Creative ways that small businesses can help raise finances

by Neil Horton


In these credit-crunching times, raising financial backing has become harder than ever. For small businesses, this recent squeeze has hit hard as banks tighten up their risk profiles. New capital is, of course, the lifeblood of any business, and particularly, for ones that want to expand. With this setting as a backdrop, consider the following:

Employee buy-ins

Even if you only employ a small number of people, buy-ins should not be ruled out as they deliver multiple benefits. Employees relinquish a portion of their pay in return for equity or profit sharing in the business. Benefits include reduced labour costs, employee retention, increased morale, accountability and maintaining corporate control. For proof as to how scalable and successful buy-ins can be, just look at John Lewis Partnership from the United Kingdom – £6.9 billion turnover with 69,000 employees involved! And to think, these people started out with a corner shop.

Consider changing your legal form

Depending on where you sit in the small company hierarchy, adapting your legal shape can present several opportunities. If you’re a sole trader, consider becoming a partnership – this way you can bring in fresh blood, new ideas and, most important, new capital. If you are a partnership, consider incorporating, converting partnership equity to stock, charging a premium for the conversion and inviting new shareholders to join at the same time. Poll your close networks for potential subscribers, perhaps inviting family members or private investors to become equity holders.

Equity-raising opportunities

Many see this option as full market flotation and so shy away due to dissolution of ownership; though there are other methods which should not be ruled out. For example, Business Angels—these are private individuals willing to invest in businesses monetarily and intellectually. Sums of money from these individuals can range from a few thousand to many thousand dollars. Angels are more likely to consider small-scale businesses, with their input normally coming with the proviso of profit or equity share. Venture capital is another option to consider; again, this is private capital and is more likely to be obtained by small, high-potential, high-growth businesses. Venture capitalists will normally invest for an equity share.

Approaching the bank for a loan

Always have a business plan prepared when you approach your bank—this goes for a first-time request as well as a refinancing proposal. Bankers thrive on detail and will look for coherence, risk appraisal and, above all, viability. More than ever before, you will need a copper-bottom representation of your needs and a reasoned forecast for your ability to repay with interest. Business plan formulation is an art form and I would seriously recommend the uninitiated to engage an accountant to help put one together. Investing some money on professional fees now will save you a lot of heartache further on down the road.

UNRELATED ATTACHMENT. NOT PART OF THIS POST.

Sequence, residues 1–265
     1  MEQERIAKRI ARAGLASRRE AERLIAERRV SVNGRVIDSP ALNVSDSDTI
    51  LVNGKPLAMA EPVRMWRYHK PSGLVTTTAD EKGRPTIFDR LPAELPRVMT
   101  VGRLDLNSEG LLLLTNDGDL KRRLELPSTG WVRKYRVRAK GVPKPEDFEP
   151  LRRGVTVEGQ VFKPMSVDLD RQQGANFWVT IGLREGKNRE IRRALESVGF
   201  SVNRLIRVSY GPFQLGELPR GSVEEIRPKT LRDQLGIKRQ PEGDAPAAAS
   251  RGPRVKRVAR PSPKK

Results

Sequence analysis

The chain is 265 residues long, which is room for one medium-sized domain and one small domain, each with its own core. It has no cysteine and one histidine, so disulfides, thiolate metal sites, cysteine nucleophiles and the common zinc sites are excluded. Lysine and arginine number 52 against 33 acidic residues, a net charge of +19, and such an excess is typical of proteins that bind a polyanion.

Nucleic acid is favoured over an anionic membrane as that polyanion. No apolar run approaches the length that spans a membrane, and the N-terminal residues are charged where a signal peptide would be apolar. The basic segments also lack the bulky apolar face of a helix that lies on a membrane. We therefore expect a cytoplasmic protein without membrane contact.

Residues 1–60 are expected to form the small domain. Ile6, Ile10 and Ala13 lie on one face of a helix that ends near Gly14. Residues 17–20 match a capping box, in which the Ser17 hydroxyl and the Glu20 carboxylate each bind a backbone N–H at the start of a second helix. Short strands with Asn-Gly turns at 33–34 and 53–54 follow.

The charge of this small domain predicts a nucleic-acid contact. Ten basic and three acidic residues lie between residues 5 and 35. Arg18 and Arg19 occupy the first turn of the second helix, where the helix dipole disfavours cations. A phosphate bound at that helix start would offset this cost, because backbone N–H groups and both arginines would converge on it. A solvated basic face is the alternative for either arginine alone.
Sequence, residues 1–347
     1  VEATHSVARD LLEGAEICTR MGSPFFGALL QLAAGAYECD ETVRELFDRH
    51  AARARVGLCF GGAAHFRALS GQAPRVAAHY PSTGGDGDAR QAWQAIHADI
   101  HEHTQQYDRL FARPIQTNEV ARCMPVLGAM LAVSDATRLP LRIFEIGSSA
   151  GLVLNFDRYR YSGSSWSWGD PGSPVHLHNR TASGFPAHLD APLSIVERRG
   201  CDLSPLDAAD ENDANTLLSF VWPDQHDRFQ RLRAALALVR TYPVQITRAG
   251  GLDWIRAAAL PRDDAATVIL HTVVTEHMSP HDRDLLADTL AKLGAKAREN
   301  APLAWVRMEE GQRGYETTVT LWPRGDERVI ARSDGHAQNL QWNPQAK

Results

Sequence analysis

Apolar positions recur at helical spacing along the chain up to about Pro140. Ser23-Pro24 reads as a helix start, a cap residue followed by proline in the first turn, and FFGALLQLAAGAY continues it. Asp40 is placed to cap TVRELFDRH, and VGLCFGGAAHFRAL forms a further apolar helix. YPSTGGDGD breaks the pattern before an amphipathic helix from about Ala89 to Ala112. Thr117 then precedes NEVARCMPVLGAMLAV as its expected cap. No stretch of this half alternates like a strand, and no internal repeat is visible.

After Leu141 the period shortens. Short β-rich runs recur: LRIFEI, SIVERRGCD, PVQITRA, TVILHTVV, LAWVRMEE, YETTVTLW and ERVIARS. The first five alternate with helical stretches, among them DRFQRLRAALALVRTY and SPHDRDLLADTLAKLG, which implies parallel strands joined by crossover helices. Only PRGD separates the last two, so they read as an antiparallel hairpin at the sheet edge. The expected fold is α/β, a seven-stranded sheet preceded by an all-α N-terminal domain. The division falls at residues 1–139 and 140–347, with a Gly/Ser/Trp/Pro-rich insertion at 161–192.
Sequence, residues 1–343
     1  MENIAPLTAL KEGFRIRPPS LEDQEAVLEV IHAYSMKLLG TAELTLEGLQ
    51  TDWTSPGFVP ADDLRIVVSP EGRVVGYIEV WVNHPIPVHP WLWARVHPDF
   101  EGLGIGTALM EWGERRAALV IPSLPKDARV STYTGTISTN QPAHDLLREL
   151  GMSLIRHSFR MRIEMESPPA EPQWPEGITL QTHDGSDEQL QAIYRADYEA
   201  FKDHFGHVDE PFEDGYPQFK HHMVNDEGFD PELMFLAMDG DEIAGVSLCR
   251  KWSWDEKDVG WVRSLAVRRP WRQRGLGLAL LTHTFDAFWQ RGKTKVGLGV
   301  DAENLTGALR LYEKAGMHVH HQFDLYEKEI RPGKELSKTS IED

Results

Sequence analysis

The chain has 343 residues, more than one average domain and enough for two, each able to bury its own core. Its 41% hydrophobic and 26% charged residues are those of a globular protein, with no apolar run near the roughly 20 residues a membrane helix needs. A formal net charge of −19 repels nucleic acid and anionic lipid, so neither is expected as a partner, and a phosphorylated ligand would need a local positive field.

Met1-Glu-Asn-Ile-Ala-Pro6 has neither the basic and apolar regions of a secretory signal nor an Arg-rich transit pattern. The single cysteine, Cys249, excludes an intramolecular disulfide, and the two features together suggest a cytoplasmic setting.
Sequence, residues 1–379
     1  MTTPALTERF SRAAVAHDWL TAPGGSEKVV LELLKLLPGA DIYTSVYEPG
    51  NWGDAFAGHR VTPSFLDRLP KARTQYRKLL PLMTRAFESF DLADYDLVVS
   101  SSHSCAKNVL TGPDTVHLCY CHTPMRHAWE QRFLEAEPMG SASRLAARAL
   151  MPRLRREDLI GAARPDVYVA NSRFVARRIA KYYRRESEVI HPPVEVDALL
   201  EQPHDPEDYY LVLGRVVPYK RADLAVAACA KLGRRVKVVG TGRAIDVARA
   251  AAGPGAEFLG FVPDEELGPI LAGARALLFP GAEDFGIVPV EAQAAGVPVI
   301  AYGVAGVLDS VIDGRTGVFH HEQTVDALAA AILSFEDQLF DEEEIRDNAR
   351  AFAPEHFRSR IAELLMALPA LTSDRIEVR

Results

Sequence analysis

Squeeze working capital

Some businesses don’t always realize how much money is tied up on their balance sheet. Often a quick win for businesses to produce cash for reinvestment is to speed up their working capital cycle. Examples of this would be to reduce payment terms or speed collections along with invoice discounting—selling the debt to a third party and receiving the cash up front. You can also reduce stock levels or move to a ‘Just in time’/JIT system of procurement. Conversely, try and increase your payment times to suppliers; this can be achieved by smarter ordering and renegotiation of payment terms.

Become more profitable

By making more money, you will have more money to invest. You can achieve this in two direct ways. First, and most obviously, is to increase your selling price. To do this you need to establish what sensitivity there is to your pricing and test it. Alternatively, try to strip out costs—direct and indirect. You may look to renegotiate prices with your suppliers or look for cheaper ways of doing business. Outsourcing is another option, or look for cheaper premises, maybe moving to an entirely virtual business if you are service based. Lots of business owners, such as real estate agents, have now moved entirely online, simply renting a small office space for holding staff and client meetings. This concept is scalable and transferable to many other businesses.

The opportunities considered here are some of many available to small businesses. In this challenging commercial environment, it pays to be flexible and open to new ideas. Whatever approach you take, consider the outcome in the round, weighing up the risks and benefits thoroughly before moving forward with your decision. As any small business owner knows, your success will come through your ability to innovate.


Neil Horton is the Director of Business with Interlinkdirectory a human edited business Internet directory with a focus on quality and global reach. Neil has a business and finance background and has worked in the commercial sector for 15 years. He began his career with small, owner-managed businesses, progressing through to global corporations and, ultimately, to running his own company.

By Adam

March 04, 2010